[Coral-List] Steel and granite boring by sea urchins

Walter Goldberg goldberg at fiu.edu
Fri Jan 11 12:28:40 EST 2013

Simon, Although urchin boring into steel is rare, it is not unprecedented and appears to be facilitated by the mechanical removal of of the protective anti-corrosion layer that exposes the raw material to seawater (e.g,, the purple urchin Strongylocentrotus purpuratus- see Irwin M. 1953. Steelboring sea urchins. Pacific Discovery 4: 26-27). Likewise and equally rarely, some urchins  are capable of boring into granite- see Fewkes WJ. 1890. On excavations made in rocks by sea-urchins. American Naturalist 24: 1-21.
Walter M. Goldberg
Emeritus Professor of Biological Sciences
Chair, Biological Sciences Honors Program
Florida International University
University Park Campus
Miami, FL 33199
email goldberg at fiu.edu

-----Original Message-----
From: coral-list-bounces at coral.aoml.noaa.gov
[mailto:coral-list-bounces at coral.aoml.noaa.gov] On Behalf Of David Evans
Sent: 10 January 2013 20:49
To: coral-list at coral.aoml.noaa.gov; rookerj at tamug.edu
Cc: maritime_archaeology at yahoo.co.uk
Subject: [Coral-List] Fw: ADMAT - Sea Urchins eating iron cannons and
granite blocks...
I was made aware of an interesting observation from a Marine Archaeology
list. I thought it would be useful to pass it on here for any further input..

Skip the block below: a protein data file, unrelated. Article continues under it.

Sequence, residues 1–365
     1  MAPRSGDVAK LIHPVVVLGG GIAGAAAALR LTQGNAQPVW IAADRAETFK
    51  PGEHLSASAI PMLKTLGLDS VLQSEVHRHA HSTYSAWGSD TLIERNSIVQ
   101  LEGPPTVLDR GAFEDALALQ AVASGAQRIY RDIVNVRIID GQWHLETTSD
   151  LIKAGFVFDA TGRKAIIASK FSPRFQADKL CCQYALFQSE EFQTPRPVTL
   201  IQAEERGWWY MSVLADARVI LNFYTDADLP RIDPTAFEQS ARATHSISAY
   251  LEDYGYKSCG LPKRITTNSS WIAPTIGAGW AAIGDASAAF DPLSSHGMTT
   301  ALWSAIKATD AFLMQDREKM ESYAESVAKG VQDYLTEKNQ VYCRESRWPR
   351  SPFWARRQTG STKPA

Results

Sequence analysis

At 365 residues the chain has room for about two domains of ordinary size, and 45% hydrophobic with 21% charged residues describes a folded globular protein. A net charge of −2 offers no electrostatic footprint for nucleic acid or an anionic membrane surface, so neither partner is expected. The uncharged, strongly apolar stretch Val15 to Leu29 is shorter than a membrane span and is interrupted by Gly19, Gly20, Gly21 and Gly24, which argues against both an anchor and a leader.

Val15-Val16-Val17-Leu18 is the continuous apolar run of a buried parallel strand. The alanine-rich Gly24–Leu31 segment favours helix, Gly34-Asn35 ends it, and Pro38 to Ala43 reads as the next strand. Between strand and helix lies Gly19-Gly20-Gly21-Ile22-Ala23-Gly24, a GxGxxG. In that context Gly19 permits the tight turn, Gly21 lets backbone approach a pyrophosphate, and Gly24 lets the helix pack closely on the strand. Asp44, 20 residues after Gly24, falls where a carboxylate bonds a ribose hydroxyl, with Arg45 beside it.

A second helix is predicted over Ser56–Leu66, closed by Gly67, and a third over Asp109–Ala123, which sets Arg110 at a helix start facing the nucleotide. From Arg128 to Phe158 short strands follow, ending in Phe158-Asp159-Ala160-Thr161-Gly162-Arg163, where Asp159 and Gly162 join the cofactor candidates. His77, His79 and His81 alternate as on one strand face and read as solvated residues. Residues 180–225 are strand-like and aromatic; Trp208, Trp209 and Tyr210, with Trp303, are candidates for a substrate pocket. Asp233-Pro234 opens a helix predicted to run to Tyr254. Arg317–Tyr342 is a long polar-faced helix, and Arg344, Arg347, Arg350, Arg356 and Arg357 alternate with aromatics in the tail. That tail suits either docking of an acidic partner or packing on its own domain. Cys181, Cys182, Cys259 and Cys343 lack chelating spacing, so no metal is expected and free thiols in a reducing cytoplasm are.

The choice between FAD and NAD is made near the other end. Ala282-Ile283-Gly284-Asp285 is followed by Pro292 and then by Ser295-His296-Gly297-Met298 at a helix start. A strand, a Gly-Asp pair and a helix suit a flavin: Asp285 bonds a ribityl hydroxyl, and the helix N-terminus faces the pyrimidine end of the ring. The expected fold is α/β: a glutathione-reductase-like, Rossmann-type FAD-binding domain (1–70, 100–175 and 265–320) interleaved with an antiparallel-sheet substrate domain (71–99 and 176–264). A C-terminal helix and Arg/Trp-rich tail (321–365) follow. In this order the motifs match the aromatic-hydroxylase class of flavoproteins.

Dr. Simon Spooner of the Anglo~Danish Maritime Archaeological Team (ADMAT;
www.admat.org.uk ) posted this observation on the Sub-Arch List server (
SUB-ARCH at ASU.EDU ) about bio-eroding sea urchins ( Reb Rock Boring Sea
Urchin ?*echinometre lucunter*) on a shipwreck off the Dominican Republic,
boring holes into granite blocks and iron canon cargo at the wreck site. He
was asking if anyone has experience encountering something similar. I will
post an excerpt here:

..... a shipwreck off Monte Cristi in the Dominican Republic... ? ?

..... we noted an interesting biologic factor and wanted to know if anyone on
the list has encountered such on their surveys.

During the survey we noted that some of the granite blocks (over 60 of them
part of the cargo) which were in the shallows, less than 3 meters depth,
water temp arround 80 deg F, had holes "drilled" in them. In addition iron
cannons which appear to have been new cannons with the touche-holes not
drilled, also had holes in them. We have proved that these holes were made
by a particular type of sea urchin, the Reb Rock Boring Sea Urchin or
Echinometre Lucunter.

-->Has anyone conducted a survey where they have encountered this,
-->either in cargo or on iron cannons?<--

[additionally: "ADMAT is intending to return to the wreck site this summer
and i hope we can get some further research on these things as there are a
number of interesting questions they throw up, like how long to burrow a
hole and how fast to they breed?"]

Many thanks
Dr. Simon Q. Spooner, BSc, MRICS, PhD, MIfA.
maritime_archaeology at yahoo.co.uk
Anglo~Danish Maritime Archaeological Team www.admat.org.uk

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I was sure some folks on the NOAA Coral list may have some input.
David J. Evans
Bending Light
davidjevans1818 at yahoo.com

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